Life After Legalization: How Employers Can Deal With Marijuana in the Workplace

Managing marijuana use by job applicants and employees, not to mention navigating the complex patchwork of federal, state and local laws that often send confusing and conflicting messages, has left employers feeling a bit hazy, according to a new XpertHR report.

Marijuana has been legalized for recreational use in multiple states including California and Colorado, and more than half of the states permit the use of medical marijuana. Employees may mistakenly believe that if marijuana is legal in their state, they are free to use it without

It’s important for an employer to understand the marijuana laws that apply to its workplace.

consequence especially if it is after working hours and during their own free time. However, under federal law, marijuana use for any purpose is still illegal.

Some states protect an employee’s right to use medical marijuana and some state laws prohibit employers from disciplining an employee for a positive marijuana test alone if the employee is a certified medical marijuana patient. Employers must understand the various laws while at the same time managing and maintaining a safe, efficient and productive workforce, the XpertHR report states.

“Marijuana use still creates a great deal of risk for employers. Employees who use marijuana may have increased inattention, increased absenteeism and tardiness, and may be less efficient or productive in performing job-related tasks,” says Beth Zoller, JD, Legal Editor, XpertHR. “Drug-related accidents and injuries may lead to increased insurance costs and premiums, increased workers’ compensation claims and reduced profits.”

Most state marijuana laws do not protect medical marijuana users or their caregivers from arrest or prosecution for being under the influence of marijuana while:

  • Operating a motor vehicle;
  • Being in a workplace or place of employment; and
  • Operating heavy machinery or dangerous equipment.

Most state medical marijuana laws also permit an employer to ban marijuana use at work and prohibit all employees from working under the influence of marijuana. Further, some states may have requirements regarding pre-employment testing for marijuana, the report explains.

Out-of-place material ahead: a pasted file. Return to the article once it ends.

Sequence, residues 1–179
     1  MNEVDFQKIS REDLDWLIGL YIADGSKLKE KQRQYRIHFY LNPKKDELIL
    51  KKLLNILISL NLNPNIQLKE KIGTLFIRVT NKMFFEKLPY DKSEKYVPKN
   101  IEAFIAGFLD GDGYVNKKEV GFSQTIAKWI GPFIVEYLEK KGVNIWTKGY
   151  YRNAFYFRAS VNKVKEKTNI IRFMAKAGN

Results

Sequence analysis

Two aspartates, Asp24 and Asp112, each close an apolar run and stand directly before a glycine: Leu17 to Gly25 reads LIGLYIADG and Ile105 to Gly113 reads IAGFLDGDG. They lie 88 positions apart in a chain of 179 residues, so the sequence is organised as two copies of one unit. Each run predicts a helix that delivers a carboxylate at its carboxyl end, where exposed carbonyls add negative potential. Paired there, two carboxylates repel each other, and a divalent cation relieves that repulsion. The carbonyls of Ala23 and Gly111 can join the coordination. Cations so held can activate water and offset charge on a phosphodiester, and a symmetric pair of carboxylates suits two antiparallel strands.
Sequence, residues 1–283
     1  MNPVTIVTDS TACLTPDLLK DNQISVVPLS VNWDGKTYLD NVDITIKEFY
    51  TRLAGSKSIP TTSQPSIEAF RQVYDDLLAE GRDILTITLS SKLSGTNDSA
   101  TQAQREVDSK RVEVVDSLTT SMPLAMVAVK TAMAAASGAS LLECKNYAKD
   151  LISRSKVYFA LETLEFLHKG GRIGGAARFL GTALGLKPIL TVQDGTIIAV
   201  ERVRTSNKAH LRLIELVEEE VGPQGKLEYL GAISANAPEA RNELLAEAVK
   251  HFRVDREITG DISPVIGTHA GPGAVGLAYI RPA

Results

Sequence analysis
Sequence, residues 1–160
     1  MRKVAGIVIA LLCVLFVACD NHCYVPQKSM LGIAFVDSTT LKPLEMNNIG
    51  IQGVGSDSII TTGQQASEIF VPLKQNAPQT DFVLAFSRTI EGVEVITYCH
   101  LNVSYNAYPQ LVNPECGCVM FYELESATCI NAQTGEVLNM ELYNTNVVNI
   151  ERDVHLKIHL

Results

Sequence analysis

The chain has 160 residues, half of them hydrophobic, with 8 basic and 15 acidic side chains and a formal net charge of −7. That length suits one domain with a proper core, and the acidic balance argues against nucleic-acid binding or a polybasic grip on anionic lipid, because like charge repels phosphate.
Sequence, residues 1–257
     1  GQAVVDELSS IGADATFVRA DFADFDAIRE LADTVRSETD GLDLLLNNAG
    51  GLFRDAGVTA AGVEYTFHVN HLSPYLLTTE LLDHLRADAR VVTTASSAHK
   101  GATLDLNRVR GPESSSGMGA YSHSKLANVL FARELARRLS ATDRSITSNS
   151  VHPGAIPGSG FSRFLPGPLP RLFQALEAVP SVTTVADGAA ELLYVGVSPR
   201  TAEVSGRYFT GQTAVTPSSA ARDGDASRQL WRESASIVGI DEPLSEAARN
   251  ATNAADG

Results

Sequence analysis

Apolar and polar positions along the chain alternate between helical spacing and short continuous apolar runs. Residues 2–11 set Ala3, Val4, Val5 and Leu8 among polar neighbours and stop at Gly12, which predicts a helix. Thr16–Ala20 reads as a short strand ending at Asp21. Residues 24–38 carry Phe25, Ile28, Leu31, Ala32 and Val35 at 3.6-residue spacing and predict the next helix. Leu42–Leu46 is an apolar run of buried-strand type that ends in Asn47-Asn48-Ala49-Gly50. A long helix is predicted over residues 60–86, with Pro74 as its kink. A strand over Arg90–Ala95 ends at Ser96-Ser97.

States vary on whether medical marijuana users will be protected from discrimination for off-duty use of medical marijuana and whether an employer will be required to provide a reasonable accommodation.

None of the recreational marijuana statutes contain employment protections for recreational marijuana users, and no states limit an employer’s right to enforce a zero-tolerance marijuana policy.

The report addresses this controversial issue, and notes that it’s important for an employer to understand the laws that apply to its workplace. Key questions that will help an employer determine how to approach marijuana use by employees and applicants include:

  • Does state law permit medical use? Recreational use?
  • Are there additional requirements with respect to providing reasonable accommodations to employees with disabilities who may be medical marijuana users?
  • Does the employer have employees working in safety-sensitive positions?
  • Is the employer subject to the Drug Free Workplace Act?

“Legalization efforts have not slowed, and marijuana use in the United States continues to rise,” says Zoller. “Employers are in a precarious situation when tasked with maintaining productivity and safety in the midst of surging marijuana use. And unlike other drugs, marijuana’s unique position between legal and illegal makes it crucial for employers to understand the laws, address them in workplace policies and promote a drug-free workplace.”

To download a copy of XpertHR’s guide to Marijuana in the Workplace, visit XpertHR.

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